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The Soil Moisture–Atmosphere Coupling Experiment (SMACEX): Background, Hydrometeorological Conditions, and Preliminary Findings

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  • 1 Hydrology and Remote Sensing Laboratory, ARS, USDA, Beltsville, Maryland
  • | 2 National Soil Tilth Laboratory, ARS, USDA, Ames, Iowa
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Abstract

The Soil Moisture–Atmosphere Coupling Experiment (SMACEX) was conducted in conjunction with the Soil Moisture Experiment 2002 (SMEX02) during June and July 2002 near Ames, Iowa—a corn and soybean production region. The primary objective of SMEX02 was the validation of microwave soil moisture retrieval algorithms for existing and new prototype satellite microwave sensor systems under rapidly changing crop biomass conditions. The SMACEX study was designed to provide direct measurement/remote sensing/modeling approaches for understanding the impact of spatial and temporal variability in vegetation cover, soil moisture, and other land surface states on turbulent flux exchange with the atmosphere. The unique dataset consisting of in situ and aircraft measurements of atmospheric, vegetation, and soil properties and fluxes allows for a detailed and rigorous analysis, and the validation of surface states and fluxes being diagnosed using remote sensing methods at various scales. Research results presented in this special issue have illuminated the potential of satellite remote sensing algorithms for soil moisture retrieval, land surface flux estimation, and the assimilation of surface states and diagnostically modeled fluxes into prognostic land surface models. Ground- and aircraft-based remote sensing of the land surface and atmospheric boundary layer properties are used to quantify heat fluxes at the tower footprint and regional scales. Tower- and aircraft-based heat and momentum fluxes are used to evaluate local and regional roughness. The spatial and temporal variations in water, energy, and carbon fluxes from the tower network and aircraft under changing vegetation cover and soil moisture conditions are evaluated. An overview of the experimental site, design, data, hydrometeorological conditions, and results is presented in this introduction, and serves as a preface to this special issue highlighting the SMACEX results.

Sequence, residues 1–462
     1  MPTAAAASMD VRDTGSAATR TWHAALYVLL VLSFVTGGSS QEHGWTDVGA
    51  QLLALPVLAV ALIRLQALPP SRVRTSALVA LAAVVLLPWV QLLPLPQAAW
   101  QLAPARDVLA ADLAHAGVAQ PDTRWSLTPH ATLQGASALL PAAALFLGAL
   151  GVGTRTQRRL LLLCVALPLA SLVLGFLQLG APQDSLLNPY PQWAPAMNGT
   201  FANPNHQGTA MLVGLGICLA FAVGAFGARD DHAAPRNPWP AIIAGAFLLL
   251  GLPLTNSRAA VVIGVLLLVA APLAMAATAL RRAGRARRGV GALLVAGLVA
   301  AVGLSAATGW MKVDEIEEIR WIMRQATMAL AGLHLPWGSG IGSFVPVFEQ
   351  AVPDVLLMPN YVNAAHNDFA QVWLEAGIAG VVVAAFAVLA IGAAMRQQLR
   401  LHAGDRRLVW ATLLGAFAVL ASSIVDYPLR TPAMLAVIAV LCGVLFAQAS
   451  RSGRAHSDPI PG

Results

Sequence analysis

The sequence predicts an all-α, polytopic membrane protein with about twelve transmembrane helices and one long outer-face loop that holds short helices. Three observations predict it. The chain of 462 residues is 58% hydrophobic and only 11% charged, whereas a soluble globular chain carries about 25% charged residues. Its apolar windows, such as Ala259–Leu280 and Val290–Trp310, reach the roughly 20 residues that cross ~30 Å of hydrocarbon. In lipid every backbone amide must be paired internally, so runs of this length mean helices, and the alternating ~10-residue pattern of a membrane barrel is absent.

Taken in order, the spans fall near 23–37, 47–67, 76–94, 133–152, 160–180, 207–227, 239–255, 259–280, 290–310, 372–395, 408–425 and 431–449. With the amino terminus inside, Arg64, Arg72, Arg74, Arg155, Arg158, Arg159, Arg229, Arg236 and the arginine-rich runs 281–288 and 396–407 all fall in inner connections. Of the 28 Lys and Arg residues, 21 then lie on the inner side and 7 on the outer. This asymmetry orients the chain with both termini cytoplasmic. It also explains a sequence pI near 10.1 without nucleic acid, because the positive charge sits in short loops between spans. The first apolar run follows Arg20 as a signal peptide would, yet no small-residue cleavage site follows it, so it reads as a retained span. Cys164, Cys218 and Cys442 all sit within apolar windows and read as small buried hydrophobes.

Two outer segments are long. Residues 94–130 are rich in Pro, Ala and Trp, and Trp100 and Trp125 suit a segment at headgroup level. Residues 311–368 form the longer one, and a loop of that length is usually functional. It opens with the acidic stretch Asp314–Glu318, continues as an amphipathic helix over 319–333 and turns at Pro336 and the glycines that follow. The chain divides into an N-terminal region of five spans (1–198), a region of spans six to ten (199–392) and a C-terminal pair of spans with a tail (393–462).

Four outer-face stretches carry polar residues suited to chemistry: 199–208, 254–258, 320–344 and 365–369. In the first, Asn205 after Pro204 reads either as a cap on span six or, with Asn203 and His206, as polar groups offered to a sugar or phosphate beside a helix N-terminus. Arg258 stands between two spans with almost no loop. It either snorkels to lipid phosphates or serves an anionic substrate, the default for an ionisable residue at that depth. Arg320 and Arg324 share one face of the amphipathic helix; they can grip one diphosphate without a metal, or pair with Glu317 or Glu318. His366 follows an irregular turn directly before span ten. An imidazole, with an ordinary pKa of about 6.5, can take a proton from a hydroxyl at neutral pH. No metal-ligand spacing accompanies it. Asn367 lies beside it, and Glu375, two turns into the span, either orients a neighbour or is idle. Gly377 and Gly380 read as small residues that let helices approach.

Corresponding author address: William P. Kustas, USDA-ARS, Hydrology and Remote Sensing Lab, Bldg. 007, BARC-WEST, Beltsville, MD 20705. Email: bkustas@hydrolab.arsusda.gov

Abstract

The Soil Moisture–Atmosphere Coupling Experiment (SMACEX) was conducted in conjunction with the Soil Moisture Experiment 2002 (SMEX02) during June and July 2002 near Ames, Iowa—a corn and soybean production region. The primary objective of SMEX02 was the validation of microwave soil moisture retrieval algorithms for existing and new prototype satellite microwave sensor systems under rapidly changing crop biomass conditions. The SMACEX study was designed to provide direct measurement/remote sensing/modeling approaches for understanding the impact of spatial and temporal variability in vegetation cover, soil moisture, and other land surface states on turbulent flux exchange with the atmosphere. The unique dataset consisting of in situ and aircraft measurements of atmospheric, vegetation, and soil properties and fluxes allows for a detailed and rigorous analysis, and the validation of surface states and fluxes being diagnosed using remote sensing methods at various scales. Research results presented in this special issue have illuminated the potential of satellite remote sensing algorithms for soil moisture retrieval, land surface flux estimation, and the assimilation of surface states and diagnostically modeled fluxes into prognostic land surface models. Ground- and aircraft-based remote sensing of the land surface and atmospheric boundary layer properties are used to quantify heat fluxes at the tower footprint and regional scales. Tower- and aircraft-based heat and momentum fluxes are used to evaluate local and regional roughness. The spatial and temporal variations in water, energy, and carbon fluxes from the tower network and aircraft under changing vegetation cover and soil moisture conditions are evaluated. An overview of the experimental site, design, data, hydrometeorological conditions, and results is presented in this introduction, and serves as a preface to this special issue highlighting the SMACEX results.

Corresponding author address: William P. Kustas, USDA-ARS, Hydrology and Remote Sensing Lab, Bldg. 007, BARC-WEST, Beltsville, MD 20705. Email: bkustas@hydrolab.arsusda.gov

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